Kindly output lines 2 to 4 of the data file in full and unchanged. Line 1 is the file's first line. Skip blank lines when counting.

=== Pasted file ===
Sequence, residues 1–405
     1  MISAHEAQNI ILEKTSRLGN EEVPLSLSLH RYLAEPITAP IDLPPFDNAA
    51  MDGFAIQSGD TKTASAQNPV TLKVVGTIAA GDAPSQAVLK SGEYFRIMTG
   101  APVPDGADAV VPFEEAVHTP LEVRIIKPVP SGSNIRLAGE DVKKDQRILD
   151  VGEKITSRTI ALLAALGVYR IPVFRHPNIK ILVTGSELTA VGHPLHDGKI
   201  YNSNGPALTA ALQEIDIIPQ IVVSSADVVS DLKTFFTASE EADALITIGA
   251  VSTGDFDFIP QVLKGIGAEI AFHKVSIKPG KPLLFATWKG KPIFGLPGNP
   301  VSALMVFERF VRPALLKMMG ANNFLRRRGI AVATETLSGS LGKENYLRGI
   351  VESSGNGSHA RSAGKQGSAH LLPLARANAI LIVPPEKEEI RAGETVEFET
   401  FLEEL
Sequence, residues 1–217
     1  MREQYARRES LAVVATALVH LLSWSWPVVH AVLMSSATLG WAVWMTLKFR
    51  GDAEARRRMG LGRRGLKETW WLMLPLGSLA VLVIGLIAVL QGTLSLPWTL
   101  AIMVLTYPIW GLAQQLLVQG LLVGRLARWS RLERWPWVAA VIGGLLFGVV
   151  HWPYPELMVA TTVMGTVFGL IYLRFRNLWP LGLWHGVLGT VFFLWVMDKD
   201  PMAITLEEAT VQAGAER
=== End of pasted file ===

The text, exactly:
     1  MISAHEAQNI ILEKTSRLGN EEVPLSLSLH RYLAEPITAP IDLPPFDNAA
    51  MDGFAIQSGD TKTASAQNPV TLKVVGTIAA GDAPSQAVLK SGEYFRIMTG
   101  APVPDGADAV VPFEEAVHTP LEVRIIKPVP SGSNIRLAGE DVKKDQRILD